Once, in a bag store where I happened to be in my element, studying and fondling the latest bags on display, a guy friend, who was patiently watching me go about my serious business, asked, “Why do women buy bags? I mean, really, the function?”
What my lips couldn’t utter, my eyes did. I gave him the dagger look. There came no follow-up question.
But really—why do women buy bags? Or let me rephrase, why do women keep on buying bags (or shoes)?
For some, having a bag, or the latest style, is an obsession. There are “it” girls/guys, there are “it” bags.
Bags are to today’s generation of women what jewelry was to our grandmothers. They are collector’s items which the collector doesn’t get tired of, or which she hands down to kin or a friend, like one would an heirloom piece.
There are women (and men) who see bags as an investment they can resell or pawn. I can’t forget what a girl friend told me a few years ago: “I paid for the hospital bills in part by selling my Vuittons.”
There’s a burgeoning market for what they call “pre-loved bags”—or bags that an owner once enjoyed and is now willing to part with. (Pre-loved men? Who knows, a market may yet develop for that one.)
A friend who heads a luxury retail line once complained to me how an auction house had approached him, wanting him to authenticate a luxury bag it planned to put on the block for a nifty price, but which didn’t allow him to put the bag under scrutiny. No auction house would put such merchandise up for auction unless it saw a market for it.
The new diamonds
Bags are the new diamonds, so to speak, or to some matrons, the “new DI” (as in dance instructor). Women pay a price for them because they get a high from owning them.
In fashionspeak, bags are the coolest accessory or style statement. They indicate not only a woman’s or man’s style taste, but also his/hers social status.
Or—crime. Recent example—at the onset of the Napoles controversy, social media brimmed over with posts of Napoles’ daughter and her luxury bags (and Hublot watch). Bags are tell-tale signs of one’s material horde.
Bags are also the latest magnet for Kim Henares and the BIR.
So, to answer the question of my guy friend, which I never got to answer—yes, bags have gone way beyond their function of carrying one’s stuff. It’s not just a container.
Some bags cost a fortune because of the design genius that is behind their creation, indeed, the craftsmanship and the material. Hermès’ Birkin is made by hand and takes almost a month to make, thus the wait list.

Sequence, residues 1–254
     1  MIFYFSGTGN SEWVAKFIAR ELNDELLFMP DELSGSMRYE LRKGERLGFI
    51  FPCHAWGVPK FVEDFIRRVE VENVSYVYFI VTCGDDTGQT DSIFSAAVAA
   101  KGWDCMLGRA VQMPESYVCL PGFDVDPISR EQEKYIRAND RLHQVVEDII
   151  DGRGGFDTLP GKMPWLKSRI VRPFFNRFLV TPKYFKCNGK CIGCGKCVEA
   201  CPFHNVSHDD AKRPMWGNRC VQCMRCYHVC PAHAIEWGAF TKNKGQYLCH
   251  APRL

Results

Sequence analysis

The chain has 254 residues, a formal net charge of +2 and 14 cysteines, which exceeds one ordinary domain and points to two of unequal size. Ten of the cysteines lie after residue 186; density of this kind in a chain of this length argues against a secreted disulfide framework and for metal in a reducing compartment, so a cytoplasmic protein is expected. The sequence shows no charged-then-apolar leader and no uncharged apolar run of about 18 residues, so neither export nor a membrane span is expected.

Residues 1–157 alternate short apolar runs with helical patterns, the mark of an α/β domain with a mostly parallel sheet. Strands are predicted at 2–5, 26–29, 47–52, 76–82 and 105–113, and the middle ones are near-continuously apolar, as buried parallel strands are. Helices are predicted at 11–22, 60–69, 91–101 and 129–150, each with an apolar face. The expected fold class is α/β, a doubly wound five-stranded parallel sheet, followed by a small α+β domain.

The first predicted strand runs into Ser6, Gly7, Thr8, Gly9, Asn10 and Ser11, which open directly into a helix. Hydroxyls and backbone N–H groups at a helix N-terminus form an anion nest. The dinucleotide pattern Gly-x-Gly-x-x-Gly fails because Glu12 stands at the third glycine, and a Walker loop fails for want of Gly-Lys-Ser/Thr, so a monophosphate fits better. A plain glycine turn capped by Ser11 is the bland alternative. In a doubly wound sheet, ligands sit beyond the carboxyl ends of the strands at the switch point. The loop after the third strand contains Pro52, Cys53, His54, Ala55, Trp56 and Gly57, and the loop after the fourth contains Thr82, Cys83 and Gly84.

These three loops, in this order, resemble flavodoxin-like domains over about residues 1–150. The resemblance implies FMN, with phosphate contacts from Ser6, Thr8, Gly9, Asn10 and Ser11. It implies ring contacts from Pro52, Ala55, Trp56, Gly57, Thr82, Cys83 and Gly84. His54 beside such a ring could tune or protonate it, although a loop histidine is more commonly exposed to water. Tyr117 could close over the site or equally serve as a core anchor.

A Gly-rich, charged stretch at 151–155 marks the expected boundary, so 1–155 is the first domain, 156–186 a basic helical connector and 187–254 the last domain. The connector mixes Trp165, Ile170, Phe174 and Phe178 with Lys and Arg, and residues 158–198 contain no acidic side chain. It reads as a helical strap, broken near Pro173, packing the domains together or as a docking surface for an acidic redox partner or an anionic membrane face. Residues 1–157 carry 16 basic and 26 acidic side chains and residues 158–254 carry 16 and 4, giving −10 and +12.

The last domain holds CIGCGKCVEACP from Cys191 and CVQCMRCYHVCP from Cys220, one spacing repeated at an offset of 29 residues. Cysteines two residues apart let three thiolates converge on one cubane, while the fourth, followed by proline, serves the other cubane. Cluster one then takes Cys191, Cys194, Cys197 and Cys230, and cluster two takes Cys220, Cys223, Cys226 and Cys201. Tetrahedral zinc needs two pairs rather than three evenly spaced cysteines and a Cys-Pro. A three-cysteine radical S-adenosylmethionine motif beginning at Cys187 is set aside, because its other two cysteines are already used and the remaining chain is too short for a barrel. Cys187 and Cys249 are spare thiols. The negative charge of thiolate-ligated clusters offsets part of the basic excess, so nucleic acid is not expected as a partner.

The materials of luxury bags, especially leather, undergoes a stringent treatment process.
And, if you don’t already know, if you travel around with your croc or any animal skin that’s conservation-protected, you need a certificate indicating that it was produced following the required process of manufacturing and conservation laws. Some ports of entry ask for this certificate.
Given how bags have become this century’s objets d’art, it didn’t take much for us in Inquirer Lifestyle and LOOK magazine (published by Hinge Inquirer) to think up a mini book devoted to bags and to bagaholics—from the iconic designs to the stylish collectors to the craftsmanship and the maintenance and care of bags.
LOOK editors Carmencita Sioson and Stefanie Cabal collaborated on this milestone project to be launched on Tuesday, Oct. 28, at the new mall of Stores Specialists, Inc., the Central Square at Bonifacio Global City.
Finally, we’re able to mount a bags exhibit, a project I’ve been dreaming of the past five years. The “Help! I’m a Bagaholic” exhibit displays iconic bags lent us by collectors and, of course, SSI. It was an idea I broached to SSI head Anton Huang five years ago.
The mini book features collectors led by Heart Evangelista—who, I didn’t know until now, loves Hermès so much, but who now seems to defer to her fiancé, Sen. Chiz Escudero, about such stuff—and also, Maggie Wilson Consunji, Ingrid Chua Go, mother-and-daughter Rina Go and Nicole Thorp, foremost bag designer/fashion educator and Lifestyle columnist Amina Aranaz-Alunan, and many more.
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